No two real estate agreements are the same, the result of the infinite amount of twists and turns any purchase agreement can take. The intricacies of your own property will be unique to you but there are some common themes that can be applied to a purchase agreement to ensure that both buyer and seller are protected.
For home buyers, there are a slew of clauses that can be included in any contract to provide some extra aspects of the contract that could very well come in handy down the road. They could be clauses to save you money or clauses to allow you to get out of the contract without penalty and your Realtor will offer up these clauses as applicable in your situation if they indeed are.
It is entirely acceptable to make your offer contingent on some other action. In many cases, financial contingencies dictate that a transaction, for example, is agreed to only if the buyer can secure financing for the deal. In some cases, this can turn a seller off if another offer is on the table that has no financial contingencies. If you are at all worried about either getting financed for enough money or about a home being offered on before you can push financing approval through, a financial contingency clause is one option for you.
Inspection contingencies can be common in some areas of the country and dictate that the buyer gets a chance to bring in an inspection professional or other consultation to tour the home and point out any weaknesses or issues that may need to be addressed. If issues are found, those can then become part of the negotiation of price or other terms of the contract.
Earnest Money Clause
Earnest money clauses can offer to a seller a bump up in earnest money if and when an offer is accepted. To communicate that interest in a property, for example, is sincere, a buyer will often put down money in escrow as a good faith effort. By including a clause in the contract for earnest money to go up upon acceptance, that gives the seller a way to make a good faith effort in accepting the offer while still seeing a benefit in added earnest money, communicating an even more serious desire to buy the property.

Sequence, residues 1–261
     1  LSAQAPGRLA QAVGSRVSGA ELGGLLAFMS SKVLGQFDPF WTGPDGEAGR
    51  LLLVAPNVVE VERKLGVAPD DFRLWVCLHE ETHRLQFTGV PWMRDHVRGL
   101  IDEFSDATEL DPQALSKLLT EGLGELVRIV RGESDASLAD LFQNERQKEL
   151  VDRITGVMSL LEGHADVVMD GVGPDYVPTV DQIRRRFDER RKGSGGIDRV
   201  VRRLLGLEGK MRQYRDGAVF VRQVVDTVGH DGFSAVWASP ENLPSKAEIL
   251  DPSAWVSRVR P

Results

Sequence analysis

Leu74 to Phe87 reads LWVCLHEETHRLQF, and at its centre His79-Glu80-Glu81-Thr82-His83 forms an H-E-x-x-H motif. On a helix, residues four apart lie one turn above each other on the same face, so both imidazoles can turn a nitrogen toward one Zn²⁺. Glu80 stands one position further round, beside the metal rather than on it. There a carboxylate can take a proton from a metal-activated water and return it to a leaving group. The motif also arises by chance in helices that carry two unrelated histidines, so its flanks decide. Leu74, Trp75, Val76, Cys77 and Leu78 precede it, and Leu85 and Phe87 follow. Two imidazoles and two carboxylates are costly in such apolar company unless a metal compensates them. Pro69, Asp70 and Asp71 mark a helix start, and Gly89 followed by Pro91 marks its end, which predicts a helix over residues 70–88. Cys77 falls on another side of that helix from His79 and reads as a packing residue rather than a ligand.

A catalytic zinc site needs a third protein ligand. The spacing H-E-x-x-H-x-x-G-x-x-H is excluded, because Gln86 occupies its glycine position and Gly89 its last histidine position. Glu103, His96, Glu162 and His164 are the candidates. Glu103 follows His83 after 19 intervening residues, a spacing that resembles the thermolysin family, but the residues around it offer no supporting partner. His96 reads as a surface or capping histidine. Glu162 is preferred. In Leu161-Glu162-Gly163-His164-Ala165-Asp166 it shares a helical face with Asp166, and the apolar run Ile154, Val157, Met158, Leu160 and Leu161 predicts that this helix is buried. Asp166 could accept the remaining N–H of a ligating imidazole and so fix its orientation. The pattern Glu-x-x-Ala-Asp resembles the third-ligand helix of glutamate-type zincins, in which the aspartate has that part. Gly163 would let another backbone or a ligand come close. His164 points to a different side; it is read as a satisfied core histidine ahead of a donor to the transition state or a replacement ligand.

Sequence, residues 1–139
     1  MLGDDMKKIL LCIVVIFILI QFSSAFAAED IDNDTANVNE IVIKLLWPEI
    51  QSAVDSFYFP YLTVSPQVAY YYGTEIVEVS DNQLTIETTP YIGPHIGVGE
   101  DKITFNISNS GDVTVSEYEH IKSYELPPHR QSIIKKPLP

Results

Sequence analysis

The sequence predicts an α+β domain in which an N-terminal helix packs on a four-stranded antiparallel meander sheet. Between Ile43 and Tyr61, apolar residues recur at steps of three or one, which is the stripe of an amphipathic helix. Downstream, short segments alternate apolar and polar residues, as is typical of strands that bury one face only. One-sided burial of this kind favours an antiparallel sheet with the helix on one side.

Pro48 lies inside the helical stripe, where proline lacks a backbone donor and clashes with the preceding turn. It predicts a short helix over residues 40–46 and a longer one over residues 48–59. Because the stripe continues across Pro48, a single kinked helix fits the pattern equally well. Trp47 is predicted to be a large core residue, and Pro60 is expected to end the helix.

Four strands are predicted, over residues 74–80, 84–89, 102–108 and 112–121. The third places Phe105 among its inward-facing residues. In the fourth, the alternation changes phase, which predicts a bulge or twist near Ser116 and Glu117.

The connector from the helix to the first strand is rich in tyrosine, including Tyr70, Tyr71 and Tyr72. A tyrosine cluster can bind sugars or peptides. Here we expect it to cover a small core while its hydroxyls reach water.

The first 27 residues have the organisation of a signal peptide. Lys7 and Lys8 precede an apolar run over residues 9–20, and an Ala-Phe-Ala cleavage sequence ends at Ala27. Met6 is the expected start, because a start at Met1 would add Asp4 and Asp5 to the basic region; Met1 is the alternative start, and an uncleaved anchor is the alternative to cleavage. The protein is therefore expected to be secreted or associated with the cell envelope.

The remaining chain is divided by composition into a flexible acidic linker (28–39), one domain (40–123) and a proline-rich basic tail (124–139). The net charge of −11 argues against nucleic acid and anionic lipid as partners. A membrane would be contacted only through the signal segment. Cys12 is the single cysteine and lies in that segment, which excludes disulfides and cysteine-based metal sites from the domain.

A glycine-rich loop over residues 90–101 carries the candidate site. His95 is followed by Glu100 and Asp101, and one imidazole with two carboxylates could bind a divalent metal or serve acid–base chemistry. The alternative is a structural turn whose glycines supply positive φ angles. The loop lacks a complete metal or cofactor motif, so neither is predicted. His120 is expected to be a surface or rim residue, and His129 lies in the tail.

You can even go so far as to include a clause that says your spouse or significant other must also agree to the contract you are offering within a period of a few days or else the contract is not valid. This could come into play if you are out of town and your wife wants to move quickly on a piece of real estate. A clause can be inserted into the contract that says the offer becomes valid only after you agree to it.
Disputing the Contract
Of course, the seller has every right to dispute anything in the contract, but that is all part of the negotiation of a deal. It is entirely possible that a particular part of the contract could become a sticking point and discussions will have to be made at that time, but that is what your Realtor is for. Giving yourself room to get out of a prospective deal when certain conditions are not met is simply a way of protecting yourself and while some sellers may balk at the idea of some of these clauses, it is entirely within your rights to protect what is sure to be a considerable investment.
The best advice is to sit down with your realtor and make clear the clauses or conditions that are important to you. As with all twists and turns in any deal, it is important that as a buyer you feel comfortable with all aspects of the purchase. The contract is perhaps the most important step, so be sure to investigate all of your options with your realtor.